Our global equity position, which includes an allocation to other emerging markets, has delivered a strong outperformance. Emerging markets sustained their rally into the new year, after a strong 2016. Our overall allocation to offshore assets is sitting close to its maximum, as we are very concerned about the risks in SA.

In our domestic exposure, our allocation to resource shares has contributed to performance. Our underweight position in companies that are sensitive to domestic interest rates and the local economy has also been beneficial, as these companies have been hit hard following the recent replacement of the finance minister.

Our property allocation includes domestic SA property holdings, UK property stocks listed on the JSE and some high-quality domestic counters. We consider UK listed property an exciting opportunity for the patient investor. Our largest holding is Intu, a portfolio of high-quality shopping centres. We expect the local property sector to show mid-single- digit growth in distributions over the medium term. Reasonable distribution growth, combined with an attractive initial yield (typically in the 8% to 10% region), should result in an attractive holding period return.

We have been very underweight government bonds for some time, and have maintained this position. Global bond markets remain very expensive due to central bank buying strategies. Locally, the market does not fully price in the risk of greater budget deficits in the event that economic growth weakens and potential political demands on the Treasury increase.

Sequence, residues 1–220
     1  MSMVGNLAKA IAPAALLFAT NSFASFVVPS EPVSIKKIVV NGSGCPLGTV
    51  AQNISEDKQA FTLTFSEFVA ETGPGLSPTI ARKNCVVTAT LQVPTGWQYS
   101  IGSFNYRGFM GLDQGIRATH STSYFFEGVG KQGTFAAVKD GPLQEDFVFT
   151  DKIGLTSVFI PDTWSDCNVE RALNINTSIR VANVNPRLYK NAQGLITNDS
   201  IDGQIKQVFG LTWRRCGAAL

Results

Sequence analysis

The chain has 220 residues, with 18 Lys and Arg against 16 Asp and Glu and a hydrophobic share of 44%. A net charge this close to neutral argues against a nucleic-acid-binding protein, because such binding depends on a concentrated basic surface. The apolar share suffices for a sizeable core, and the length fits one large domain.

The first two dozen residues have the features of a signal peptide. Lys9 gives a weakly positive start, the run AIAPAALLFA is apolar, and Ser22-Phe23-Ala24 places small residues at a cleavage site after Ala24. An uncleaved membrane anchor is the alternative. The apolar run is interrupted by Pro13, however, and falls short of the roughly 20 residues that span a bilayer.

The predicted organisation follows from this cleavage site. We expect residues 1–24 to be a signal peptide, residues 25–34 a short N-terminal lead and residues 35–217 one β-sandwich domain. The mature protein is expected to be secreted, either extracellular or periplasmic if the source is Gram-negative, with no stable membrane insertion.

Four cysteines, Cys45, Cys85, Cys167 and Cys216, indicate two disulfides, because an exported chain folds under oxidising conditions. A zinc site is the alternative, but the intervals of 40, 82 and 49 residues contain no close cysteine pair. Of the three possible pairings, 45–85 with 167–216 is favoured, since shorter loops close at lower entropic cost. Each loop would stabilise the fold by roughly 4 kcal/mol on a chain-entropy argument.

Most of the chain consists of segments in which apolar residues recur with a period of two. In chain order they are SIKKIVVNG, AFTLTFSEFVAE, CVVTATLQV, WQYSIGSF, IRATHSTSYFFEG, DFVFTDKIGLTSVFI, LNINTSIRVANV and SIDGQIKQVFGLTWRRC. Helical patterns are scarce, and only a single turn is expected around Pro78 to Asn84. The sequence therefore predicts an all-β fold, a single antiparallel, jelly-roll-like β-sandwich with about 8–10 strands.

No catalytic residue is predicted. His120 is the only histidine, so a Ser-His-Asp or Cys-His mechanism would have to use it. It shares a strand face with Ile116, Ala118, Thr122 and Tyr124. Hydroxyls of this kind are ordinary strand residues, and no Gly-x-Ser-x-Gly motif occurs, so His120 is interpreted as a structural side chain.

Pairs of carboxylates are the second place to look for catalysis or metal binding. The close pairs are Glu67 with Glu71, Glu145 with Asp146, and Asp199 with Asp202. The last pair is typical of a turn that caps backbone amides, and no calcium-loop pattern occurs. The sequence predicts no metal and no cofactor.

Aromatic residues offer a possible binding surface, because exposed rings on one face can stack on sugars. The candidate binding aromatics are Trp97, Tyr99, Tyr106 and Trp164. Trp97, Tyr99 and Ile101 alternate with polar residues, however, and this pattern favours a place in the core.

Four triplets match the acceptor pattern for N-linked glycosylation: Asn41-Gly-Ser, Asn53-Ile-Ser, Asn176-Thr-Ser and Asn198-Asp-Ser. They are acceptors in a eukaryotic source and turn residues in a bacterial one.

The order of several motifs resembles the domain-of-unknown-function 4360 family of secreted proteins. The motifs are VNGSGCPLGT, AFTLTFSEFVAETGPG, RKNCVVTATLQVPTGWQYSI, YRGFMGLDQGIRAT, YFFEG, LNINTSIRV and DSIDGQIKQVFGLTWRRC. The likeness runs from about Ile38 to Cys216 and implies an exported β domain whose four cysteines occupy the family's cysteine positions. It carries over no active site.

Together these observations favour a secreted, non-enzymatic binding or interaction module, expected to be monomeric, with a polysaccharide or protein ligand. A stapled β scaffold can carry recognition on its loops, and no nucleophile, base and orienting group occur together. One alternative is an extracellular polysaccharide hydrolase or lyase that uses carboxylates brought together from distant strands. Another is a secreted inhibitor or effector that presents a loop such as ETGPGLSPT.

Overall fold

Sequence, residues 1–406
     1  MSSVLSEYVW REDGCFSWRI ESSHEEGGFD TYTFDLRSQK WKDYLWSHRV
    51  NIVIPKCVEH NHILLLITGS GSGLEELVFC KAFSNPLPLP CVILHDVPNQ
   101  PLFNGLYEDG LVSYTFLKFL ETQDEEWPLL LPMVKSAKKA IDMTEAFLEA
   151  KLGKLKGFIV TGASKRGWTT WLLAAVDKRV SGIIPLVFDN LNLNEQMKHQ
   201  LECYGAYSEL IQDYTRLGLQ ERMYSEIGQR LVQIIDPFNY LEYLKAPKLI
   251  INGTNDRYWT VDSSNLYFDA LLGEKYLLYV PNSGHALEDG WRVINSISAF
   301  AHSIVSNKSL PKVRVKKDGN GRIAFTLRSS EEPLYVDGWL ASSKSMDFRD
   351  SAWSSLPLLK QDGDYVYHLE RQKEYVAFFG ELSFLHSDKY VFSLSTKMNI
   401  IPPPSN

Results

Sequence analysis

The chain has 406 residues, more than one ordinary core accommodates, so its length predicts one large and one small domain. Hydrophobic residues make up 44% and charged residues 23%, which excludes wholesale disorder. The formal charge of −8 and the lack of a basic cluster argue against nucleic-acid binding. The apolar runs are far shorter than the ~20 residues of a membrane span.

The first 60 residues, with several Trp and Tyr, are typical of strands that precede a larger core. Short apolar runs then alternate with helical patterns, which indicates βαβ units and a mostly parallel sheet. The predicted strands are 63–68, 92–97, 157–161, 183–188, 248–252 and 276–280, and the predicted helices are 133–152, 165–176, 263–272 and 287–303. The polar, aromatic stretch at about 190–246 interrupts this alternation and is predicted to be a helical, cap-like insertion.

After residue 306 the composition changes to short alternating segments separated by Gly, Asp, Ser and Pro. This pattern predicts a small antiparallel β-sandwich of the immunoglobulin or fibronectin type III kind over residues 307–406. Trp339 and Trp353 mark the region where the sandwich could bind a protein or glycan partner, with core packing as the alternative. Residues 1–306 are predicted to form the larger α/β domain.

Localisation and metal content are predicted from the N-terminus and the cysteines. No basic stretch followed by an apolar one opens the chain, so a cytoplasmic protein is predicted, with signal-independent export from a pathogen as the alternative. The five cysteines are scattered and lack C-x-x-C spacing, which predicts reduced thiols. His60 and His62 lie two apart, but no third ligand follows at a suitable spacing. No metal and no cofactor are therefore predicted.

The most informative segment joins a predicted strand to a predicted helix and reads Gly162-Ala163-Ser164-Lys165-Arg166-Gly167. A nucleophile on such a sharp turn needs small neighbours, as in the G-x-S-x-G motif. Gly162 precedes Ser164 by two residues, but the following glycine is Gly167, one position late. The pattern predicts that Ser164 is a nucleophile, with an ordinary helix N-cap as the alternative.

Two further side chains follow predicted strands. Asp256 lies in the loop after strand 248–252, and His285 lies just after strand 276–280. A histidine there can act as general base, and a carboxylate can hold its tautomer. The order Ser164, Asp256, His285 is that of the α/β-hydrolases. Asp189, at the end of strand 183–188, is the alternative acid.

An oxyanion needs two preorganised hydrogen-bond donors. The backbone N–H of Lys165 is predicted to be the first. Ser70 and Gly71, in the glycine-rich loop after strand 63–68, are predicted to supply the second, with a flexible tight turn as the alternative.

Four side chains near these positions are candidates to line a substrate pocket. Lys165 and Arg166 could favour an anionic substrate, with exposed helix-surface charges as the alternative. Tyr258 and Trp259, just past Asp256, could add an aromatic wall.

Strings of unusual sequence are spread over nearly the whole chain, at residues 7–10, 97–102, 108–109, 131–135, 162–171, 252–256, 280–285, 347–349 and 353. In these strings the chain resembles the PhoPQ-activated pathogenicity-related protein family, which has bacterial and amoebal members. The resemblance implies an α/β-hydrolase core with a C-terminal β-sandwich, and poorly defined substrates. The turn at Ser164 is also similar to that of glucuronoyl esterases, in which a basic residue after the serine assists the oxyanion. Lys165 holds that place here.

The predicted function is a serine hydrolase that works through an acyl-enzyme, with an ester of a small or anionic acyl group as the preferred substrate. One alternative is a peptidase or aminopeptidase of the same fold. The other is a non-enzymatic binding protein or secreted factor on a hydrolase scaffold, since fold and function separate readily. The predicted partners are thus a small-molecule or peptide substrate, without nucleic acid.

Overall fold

Multi-asset funds

Despite the volatility towards the end of the quarter, the funds protected capital well over the period. Disappointing returns relative to inflation over the past three years bear testimony to the tough investment environment in which real returns in the interest-bearing areas have been far lower than the historical trend. Sluggish economic growth has also limited the ability of domestic companies to grow profits, as reflected in the FTSE/JSE All Share Index trending sideways.

Given the well-diversified multi-asset nature of the strategies, we construct the portfolios to withstand unforeseen events. In the case of SA, the rand invariably acts as the biggest shock absorber and owning a high proportion of domestically listed companies that derive the bulk of their earnings from outside the country has again proven to be a prudent approach.

Global stock markets were generally strong, driven by expectations of positive policy changes by the Trump administration (such as lowering corporate taxes). However, the markets have in our view ignored the risks of tensions in the global economy as president Trump advocates protectionism through his ‘America First’ approach. We consequently decided to reduce our exposure to global risk assets somewhat by lightening both our developed and emerging market equity holdings. Still, we continue to hold close to the maximum allowable exposure to global assets. We have navigated uncertain periods before by steadfastly focusing on the tenets of our long-term, valuation-driven investment philosophy and, once again, we have seen it pay off in the most recent performance of our portfolios.


Income fund

The fund comfortably met its objective of providing a better return than a traditional money market fund for investors with a time horizon between one and three years.

We remain vigilant of risks emanating from the dislocations between stretched valuations and the underlying fundamentals of the SA economy. However, we believe that the fund’s current positioning correctly reflects appropriate levels of caution. The fund’s yield of 9.1% continues to be attractive relative to its conservative duration risk. We continue to believe that this yield is an adequate proxy for expected fund performance over the next 12 months. As is evident, we remain cautious in our management of the fund. We continue to invest only in assets and instruments that we believe have the correct risk and term premium, to limit investor downside and enhance yield. For a detailed investment review of all our funds, please refer to our fact sheets and commentaries in the Funds & Products section of